`I didn't kill Ronan Kerr' says freed murder suspect

Constable Ronan Kerr was killed when a booby trap device exploded in his car.

Constable Ronan Kerr was killed when a booby trap device exploded in his car.

A Co Tyrone man questioned over the killing of Constable Ronan Kerr has publicly denied involvement in the attack and condemned his murder as “sad and wrong” .

Brian Carron (26) was questioned for 14 days about the murder of the Catholic policeman in Omagh on April 2.

On Wednesday he was released without charge.

Mr Carron condemned the murder of the 25 year-old policeman but claimed that his life had also now been put in danger after his name and photograph were published by a number of media outlets.

“I condemn what happened to Ronan Kerr,” he told the Detail.

“It was sad and it was wrong, but I had nothing to do with it and the police know that.

“I told police that I was cutting grass and cleaning up around my home on the day of that bomb attack and that CCTV footage would show I was at a local petrol station at the time and that my phone records and witnesses could prove I wasn’t anywhere near Omagh.”

Claiming that he was a victim of “trial by media”, he said:

“Sections of the media had me found guilty as soon as I was arrested.

“My name, photograph and address were splashed across the tabloids.

“My mother’s photograph was used without her even knowing.

“Photographs of both our homes were strewn across the media without our permission.

“Neill Lennon has been sent a bomb in the post simply because he’s the manager of Celtic football club.

“Myself and my family were portrayed as `Public Enemy No 1’ so what’s going to happen to us.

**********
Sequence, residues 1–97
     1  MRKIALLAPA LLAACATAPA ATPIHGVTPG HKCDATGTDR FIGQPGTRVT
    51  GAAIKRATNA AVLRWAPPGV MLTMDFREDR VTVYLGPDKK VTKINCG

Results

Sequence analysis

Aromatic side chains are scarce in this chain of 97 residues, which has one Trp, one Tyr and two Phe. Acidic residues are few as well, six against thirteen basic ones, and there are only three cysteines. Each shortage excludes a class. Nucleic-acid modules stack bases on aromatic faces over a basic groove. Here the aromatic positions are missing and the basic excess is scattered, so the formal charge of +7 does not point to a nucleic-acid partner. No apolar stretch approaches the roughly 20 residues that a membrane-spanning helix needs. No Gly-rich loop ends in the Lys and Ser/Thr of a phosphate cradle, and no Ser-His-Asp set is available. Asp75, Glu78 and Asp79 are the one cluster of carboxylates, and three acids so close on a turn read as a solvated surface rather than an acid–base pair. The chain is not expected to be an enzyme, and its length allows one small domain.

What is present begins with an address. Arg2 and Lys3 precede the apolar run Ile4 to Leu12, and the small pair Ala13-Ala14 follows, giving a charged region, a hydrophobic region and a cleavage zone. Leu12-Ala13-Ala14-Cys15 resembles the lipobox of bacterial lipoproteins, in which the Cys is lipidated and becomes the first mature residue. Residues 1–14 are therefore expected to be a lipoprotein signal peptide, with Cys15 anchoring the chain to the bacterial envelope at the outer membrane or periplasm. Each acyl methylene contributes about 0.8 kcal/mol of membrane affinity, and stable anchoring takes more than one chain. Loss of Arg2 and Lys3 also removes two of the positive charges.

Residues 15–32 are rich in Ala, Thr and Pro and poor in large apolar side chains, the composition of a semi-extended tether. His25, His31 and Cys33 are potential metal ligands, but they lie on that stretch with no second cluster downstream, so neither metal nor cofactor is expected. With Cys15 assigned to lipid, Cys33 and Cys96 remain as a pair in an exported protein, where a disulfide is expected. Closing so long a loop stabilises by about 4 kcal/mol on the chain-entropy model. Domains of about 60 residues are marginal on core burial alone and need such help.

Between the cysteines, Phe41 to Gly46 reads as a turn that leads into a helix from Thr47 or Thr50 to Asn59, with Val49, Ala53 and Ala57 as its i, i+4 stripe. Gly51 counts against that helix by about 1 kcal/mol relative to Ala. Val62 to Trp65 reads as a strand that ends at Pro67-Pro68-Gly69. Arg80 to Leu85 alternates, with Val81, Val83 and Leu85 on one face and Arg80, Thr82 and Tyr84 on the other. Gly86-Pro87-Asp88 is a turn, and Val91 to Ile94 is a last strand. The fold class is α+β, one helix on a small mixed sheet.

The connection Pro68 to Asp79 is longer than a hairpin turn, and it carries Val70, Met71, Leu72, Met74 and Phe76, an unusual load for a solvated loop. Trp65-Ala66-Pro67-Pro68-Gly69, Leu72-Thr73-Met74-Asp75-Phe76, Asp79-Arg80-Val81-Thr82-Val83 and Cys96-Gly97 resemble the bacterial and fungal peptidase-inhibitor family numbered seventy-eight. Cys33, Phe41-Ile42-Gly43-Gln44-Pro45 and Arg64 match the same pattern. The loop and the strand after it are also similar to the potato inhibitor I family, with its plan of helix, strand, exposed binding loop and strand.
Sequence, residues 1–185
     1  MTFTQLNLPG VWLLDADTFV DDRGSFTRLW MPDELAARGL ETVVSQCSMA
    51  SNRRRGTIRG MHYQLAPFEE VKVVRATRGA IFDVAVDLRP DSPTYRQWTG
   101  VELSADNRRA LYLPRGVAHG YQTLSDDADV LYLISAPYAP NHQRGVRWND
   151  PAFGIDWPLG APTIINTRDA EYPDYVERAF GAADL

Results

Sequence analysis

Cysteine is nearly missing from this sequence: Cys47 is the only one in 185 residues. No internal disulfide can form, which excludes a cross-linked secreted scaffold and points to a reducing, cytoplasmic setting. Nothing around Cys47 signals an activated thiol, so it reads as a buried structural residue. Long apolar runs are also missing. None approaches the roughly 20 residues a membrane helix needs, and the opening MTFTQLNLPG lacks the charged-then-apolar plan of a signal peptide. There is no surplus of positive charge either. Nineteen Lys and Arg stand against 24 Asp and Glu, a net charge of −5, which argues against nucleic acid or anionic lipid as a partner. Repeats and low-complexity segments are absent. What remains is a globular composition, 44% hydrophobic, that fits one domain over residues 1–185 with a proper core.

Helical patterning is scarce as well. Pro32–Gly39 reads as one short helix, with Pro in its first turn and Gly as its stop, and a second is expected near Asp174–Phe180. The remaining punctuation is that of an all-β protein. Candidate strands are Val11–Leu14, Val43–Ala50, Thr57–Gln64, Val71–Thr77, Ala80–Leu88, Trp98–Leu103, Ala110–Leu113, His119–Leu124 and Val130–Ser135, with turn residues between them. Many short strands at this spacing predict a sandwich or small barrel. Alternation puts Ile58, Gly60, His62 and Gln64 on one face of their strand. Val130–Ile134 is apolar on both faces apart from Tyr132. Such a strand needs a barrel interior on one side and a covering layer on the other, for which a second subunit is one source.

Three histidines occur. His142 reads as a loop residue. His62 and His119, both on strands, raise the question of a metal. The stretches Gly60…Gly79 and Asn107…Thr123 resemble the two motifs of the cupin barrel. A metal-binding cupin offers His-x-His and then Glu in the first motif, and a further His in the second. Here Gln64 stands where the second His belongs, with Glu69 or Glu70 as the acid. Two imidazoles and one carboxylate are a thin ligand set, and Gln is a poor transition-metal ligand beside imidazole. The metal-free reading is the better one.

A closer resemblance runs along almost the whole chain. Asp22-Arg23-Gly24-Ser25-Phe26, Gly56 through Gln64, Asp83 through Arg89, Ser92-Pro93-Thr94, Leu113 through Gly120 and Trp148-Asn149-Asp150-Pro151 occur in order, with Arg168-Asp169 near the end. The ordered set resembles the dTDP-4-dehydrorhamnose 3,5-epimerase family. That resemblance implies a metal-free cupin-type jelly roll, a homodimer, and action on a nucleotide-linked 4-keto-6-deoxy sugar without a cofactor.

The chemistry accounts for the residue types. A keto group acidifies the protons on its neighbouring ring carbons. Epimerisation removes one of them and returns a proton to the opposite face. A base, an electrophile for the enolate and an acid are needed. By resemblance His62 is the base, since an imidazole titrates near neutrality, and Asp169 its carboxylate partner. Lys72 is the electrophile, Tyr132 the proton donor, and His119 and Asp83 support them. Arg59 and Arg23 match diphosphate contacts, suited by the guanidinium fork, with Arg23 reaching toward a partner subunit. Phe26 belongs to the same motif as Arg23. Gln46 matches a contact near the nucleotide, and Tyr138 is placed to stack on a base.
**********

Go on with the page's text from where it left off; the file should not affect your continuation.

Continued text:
“We don’t know if we’ll have to move home.

“I will never be able get a job again.

“Even though I was released without charge I’m going to have to go through the rest of my life knowing that people are always going to be thinking I was some way involved.”

The father-of-two, who has no criminal convictions, was arrested in Scotland four days after Constable Kerr’s murder and flown back to Northern Ireland.

Marathon runners pass Ronan Kerr's car hours before the policeman was killed by an undercar bomb

Marathon runners pass Ronan Kerr's car hours before the policeman was killed by an undercar bomb

“I had only gone to Scotland to start work building houses on the Sunday, the day after the bomb attack.

“That’s why I was cleaning up around my house before I left, so I could leave it tidy for my partner and my kids.

“Myself and the guys I was working with went over on the boat to Scotland on the Sunday and as soon as we got off the ferry we were stopped by police.

“I gave them my name and told them what I was doing.

“If I’d anything to hide or was involved in anything wrong would I give my own name to police?”

Three days after the policeman’s murder weapons and explosives were found on an industrial estate close to Mr Carron’s Coalisland home.

His home was later searched by police.

“My father phoned me to tell me that my house had been searched and that my partner and two young children weren’t allowed back into the house.

“I said I’d come home straight away but he told me to stay in Scotland in case I lost my job.

“I decided that I’d return home to see my family that weekend, as soon as I finished work.”